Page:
Series: An Ember in the Ashes #1
Genre: Young Adult, Fantasy
Publication Date: April 28, 2015
Synopsis: Laia is a slave. Elias is a soldier. Neither is free.
Under the Martial Empire, defiance is met with death. Those who do not vow their blood and bodies to the Emperor risk the execution of their loved ones and the destruction of all they hold dear.
It is in this brutal world, inspired by ancient Rome, that Laia lives with her grandparents and older brother. The family ekes out an existence in the Empire’s impoverished backstreets. They do not challenge the Empire. They’ve seen what happens to those who do.
But when Laia’s brother is arrested for treason, Laia is forced to make a decision. In exchange for help from rebels who promise to rescue her brother, she will risk her life to spy for them from within the Empire’s greatest military academy.
There, Laia meets Elias, the school’s finest soldier—and secretly, its most unwilling. Elias wants only to be free of the tyranny he’s being trained to enforce. He and Laia will soon realize that their destinies are intertwined—and that their choices will change the fate of the Empire itself.
This book has been so hyped up for the last couple of months that I’d be truly shocked if you’ve never heard of it. Sometimes when books are too hyped, it makes me not want to read them. This wasn’t the case for An Ember in the Ashes. As soon as I heard this book’s synopsis, I immediately put it on my TBR. It sounded so intriguing and different from other books I’ve read. I can tell you straight up that I wasn’t disappointed at all.
However, the book started off sort of slow for me. Since this pretty much was the only negative quality for me, I’m not complaining too much. In fantasy books, I need time to get accustomed to the world, the characters, and any new terminology that may be used. After I got more comfortable in understanding these things, I really got interested.
I ended up loving a majority of the characters in this book – apart from our villains of course. Laia and Elias were strong main characters. The way they interacted with one another was very realistic considering the world they live in. Also, I liked how the author didn’t push a huge romance angle on them right from the start. Sometimes in novels, one character will excuse every other negative quality the romantic interest has just because that person is attractive. I thought it was very refreshing that Laia didn’t do that. Laia was always taught that Masks weren’t to be trusted, so it took her a long time to trust Elias.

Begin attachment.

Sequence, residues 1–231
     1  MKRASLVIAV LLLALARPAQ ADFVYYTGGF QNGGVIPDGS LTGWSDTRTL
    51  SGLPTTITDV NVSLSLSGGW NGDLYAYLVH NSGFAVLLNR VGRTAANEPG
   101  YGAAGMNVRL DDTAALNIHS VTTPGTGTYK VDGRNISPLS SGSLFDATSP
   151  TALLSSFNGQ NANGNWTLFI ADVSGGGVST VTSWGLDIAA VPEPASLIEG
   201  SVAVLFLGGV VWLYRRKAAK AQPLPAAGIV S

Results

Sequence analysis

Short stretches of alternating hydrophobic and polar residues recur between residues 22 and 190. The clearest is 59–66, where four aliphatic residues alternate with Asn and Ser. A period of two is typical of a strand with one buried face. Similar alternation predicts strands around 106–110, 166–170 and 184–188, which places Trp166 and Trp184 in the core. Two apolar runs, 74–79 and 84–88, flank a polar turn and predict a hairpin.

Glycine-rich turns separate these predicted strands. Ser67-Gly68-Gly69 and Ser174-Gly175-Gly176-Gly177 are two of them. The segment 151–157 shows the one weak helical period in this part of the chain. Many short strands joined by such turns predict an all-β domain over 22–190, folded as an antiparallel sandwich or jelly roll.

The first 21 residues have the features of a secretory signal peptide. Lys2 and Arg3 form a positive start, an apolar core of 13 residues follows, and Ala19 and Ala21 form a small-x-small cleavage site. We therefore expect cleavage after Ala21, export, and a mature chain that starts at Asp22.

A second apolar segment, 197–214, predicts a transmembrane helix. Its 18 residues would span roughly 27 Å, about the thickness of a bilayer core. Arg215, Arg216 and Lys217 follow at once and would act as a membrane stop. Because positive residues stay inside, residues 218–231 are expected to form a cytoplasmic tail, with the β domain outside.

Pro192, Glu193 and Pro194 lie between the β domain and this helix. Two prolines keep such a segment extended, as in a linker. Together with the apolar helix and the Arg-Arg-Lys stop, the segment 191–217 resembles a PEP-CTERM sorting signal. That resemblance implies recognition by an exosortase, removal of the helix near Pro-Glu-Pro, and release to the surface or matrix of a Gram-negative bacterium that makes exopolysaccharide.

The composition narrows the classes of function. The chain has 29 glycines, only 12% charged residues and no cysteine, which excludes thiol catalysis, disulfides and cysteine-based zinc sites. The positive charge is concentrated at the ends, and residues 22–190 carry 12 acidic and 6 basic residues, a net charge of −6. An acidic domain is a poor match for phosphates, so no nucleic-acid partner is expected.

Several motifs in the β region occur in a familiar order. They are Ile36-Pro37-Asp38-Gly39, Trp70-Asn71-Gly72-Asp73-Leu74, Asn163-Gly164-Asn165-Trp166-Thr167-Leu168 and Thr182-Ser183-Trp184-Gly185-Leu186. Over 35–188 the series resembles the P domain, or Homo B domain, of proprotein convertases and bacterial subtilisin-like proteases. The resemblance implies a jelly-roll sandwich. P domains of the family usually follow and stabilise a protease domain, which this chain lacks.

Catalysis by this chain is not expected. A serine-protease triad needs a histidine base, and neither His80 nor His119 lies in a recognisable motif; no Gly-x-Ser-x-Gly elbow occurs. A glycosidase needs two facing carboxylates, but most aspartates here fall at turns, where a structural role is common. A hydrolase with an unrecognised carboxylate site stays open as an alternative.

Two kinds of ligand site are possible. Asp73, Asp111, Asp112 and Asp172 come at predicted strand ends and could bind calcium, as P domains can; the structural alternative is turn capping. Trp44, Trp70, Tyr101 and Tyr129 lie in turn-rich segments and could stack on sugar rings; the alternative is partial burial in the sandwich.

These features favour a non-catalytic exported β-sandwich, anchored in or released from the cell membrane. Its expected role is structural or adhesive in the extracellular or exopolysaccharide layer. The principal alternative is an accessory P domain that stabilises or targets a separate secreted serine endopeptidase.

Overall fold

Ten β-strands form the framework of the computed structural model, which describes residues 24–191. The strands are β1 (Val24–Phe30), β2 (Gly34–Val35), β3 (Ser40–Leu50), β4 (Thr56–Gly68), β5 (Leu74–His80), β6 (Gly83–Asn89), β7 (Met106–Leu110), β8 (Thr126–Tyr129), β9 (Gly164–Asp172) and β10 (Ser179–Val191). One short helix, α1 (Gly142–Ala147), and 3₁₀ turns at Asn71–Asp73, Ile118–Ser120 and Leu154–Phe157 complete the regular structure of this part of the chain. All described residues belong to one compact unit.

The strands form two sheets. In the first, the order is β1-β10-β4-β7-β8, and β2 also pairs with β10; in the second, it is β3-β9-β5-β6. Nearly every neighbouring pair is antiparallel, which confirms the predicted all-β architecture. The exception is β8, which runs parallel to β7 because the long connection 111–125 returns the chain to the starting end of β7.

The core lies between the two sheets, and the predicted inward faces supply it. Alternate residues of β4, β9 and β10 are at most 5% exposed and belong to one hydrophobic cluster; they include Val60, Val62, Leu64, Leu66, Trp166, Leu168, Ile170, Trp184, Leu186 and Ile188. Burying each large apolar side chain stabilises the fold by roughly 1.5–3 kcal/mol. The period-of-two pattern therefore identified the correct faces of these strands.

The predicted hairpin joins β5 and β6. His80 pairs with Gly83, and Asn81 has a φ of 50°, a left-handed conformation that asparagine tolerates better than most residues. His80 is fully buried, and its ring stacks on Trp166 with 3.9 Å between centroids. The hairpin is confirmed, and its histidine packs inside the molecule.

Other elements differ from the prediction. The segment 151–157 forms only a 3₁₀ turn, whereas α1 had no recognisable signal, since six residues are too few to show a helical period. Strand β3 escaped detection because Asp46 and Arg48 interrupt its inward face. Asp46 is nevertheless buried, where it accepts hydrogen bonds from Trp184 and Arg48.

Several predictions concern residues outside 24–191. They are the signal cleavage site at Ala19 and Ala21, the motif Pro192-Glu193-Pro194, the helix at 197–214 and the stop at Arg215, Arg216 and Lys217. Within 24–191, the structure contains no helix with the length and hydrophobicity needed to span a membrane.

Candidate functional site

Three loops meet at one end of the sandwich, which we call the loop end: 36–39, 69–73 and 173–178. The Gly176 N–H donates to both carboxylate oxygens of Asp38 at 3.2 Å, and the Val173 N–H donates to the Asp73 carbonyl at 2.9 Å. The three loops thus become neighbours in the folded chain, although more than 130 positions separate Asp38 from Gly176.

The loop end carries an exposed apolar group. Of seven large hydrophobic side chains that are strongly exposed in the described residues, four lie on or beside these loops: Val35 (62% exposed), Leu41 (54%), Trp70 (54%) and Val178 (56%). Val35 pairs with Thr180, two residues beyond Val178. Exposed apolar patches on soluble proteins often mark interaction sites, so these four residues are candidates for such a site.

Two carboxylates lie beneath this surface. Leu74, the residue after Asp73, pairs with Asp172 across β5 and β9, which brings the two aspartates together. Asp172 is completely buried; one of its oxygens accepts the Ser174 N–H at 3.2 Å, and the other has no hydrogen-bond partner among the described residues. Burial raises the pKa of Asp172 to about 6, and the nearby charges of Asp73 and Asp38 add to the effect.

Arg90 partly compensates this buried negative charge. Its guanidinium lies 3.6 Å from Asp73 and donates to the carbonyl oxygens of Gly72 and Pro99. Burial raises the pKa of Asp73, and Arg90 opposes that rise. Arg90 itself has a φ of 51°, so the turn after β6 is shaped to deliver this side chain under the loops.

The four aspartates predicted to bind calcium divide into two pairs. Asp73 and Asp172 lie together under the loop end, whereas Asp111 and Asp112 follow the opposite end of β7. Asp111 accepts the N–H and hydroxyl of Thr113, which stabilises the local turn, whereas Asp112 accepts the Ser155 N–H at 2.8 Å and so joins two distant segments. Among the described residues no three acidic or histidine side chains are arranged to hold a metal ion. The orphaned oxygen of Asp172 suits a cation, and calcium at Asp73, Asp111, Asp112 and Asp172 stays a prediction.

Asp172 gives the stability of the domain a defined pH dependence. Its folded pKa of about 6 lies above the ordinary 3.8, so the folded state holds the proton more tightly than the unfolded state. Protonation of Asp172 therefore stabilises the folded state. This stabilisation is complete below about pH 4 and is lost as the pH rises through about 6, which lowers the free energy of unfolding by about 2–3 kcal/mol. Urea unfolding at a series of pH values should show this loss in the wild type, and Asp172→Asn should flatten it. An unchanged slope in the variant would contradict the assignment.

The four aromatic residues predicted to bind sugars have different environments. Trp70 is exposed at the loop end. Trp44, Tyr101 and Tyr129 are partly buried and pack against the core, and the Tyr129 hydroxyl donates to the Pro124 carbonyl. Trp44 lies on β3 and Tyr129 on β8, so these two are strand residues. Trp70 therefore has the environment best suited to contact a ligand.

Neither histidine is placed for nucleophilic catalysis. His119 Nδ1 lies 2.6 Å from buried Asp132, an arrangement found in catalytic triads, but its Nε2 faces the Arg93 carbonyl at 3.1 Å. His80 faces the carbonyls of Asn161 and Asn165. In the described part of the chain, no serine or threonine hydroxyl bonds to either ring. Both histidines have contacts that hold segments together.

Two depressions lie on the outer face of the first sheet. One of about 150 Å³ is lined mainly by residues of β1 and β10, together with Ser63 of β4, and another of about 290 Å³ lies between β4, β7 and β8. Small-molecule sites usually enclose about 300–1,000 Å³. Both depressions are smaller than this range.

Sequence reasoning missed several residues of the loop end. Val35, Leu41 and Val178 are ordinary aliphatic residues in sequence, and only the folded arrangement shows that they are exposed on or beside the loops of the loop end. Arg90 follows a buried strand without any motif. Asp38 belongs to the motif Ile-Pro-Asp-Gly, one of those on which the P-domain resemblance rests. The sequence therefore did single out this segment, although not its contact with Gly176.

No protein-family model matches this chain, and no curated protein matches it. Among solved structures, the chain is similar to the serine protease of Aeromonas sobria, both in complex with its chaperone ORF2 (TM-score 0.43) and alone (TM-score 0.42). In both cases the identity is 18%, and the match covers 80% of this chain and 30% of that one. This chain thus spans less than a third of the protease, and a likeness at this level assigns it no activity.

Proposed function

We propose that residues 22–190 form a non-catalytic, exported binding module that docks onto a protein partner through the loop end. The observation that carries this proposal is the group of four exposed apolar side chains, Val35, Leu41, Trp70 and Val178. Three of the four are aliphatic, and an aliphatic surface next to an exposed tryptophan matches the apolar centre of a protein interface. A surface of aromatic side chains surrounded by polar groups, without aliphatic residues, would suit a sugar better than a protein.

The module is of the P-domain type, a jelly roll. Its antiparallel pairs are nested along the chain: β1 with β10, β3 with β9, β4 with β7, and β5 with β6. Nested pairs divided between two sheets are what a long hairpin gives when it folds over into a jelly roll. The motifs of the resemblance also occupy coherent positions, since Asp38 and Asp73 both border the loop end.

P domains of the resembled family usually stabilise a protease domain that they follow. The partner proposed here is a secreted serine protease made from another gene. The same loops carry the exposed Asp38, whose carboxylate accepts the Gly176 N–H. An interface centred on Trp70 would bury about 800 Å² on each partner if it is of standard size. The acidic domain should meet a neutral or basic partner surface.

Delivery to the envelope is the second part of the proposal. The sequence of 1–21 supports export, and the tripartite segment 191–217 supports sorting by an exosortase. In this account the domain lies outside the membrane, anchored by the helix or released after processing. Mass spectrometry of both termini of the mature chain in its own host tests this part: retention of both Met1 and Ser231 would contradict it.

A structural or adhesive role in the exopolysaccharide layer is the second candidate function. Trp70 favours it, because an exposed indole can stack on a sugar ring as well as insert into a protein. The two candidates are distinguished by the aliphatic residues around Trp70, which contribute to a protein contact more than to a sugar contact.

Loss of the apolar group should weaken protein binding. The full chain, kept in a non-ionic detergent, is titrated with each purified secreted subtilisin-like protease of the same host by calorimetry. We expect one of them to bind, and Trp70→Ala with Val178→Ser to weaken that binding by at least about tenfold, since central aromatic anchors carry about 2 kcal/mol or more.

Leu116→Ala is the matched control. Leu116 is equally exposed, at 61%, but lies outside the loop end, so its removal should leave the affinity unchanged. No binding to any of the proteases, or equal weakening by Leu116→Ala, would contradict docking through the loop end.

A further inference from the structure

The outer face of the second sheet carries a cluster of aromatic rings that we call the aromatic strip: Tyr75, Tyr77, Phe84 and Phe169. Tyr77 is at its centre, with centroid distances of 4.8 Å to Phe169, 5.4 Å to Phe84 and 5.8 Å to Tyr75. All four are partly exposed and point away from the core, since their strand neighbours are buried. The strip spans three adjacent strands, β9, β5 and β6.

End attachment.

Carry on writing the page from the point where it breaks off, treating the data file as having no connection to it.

As for Helene, I didn’t think I would like her. However, even though she made some questionable choices, I ended up really feeling for her. She probably had it the hardest of any other students at Blackcliff Academy. She was the only girl so she constantly had to prove herself. She also had to deal with ignorant, pig-headed guys like Marcus who see her as someone who needs to be conquered. Helene did an excellent job at holding her own and I really respected her for that. As for Keenan, I didn’t completely love him, but I didn’t dislike him either. Like Laia, he has experienced so much pain and loss. He’s trying his best to move on and make some change. For some reason though, I just couldn’t truly connect to his character.
Whether it be having their eye cut out at age 5, being abandoned by their mother, losing their whole family, being enslaved for years and being tortured every day, etc, each character experienced some sort of tragedy. While the things that happened to them were horrible, I found that they helped me to connect emotionally to each character. Sabaa Tahir did a wonderful job of making her characters feel very authentic. She is such an excellent writer that she even made me feel a moment of sympathy for one of the book’s most horrible characters, Marcus.
Overall, I really loved this novel. The writing, characters, and plot were fantastic. I’m so glad there is a sequel because the ending was just not complete! I’m very much looking forward to seeing what happens next.
Recommended to: Those who enjoyed The Kiss of Deception by Mary E. Pearson, Throne of Glass by Sarah J. Maas, The Winner’s Curse by Marie Rutkoski, and Red Rising by Pierce Brown.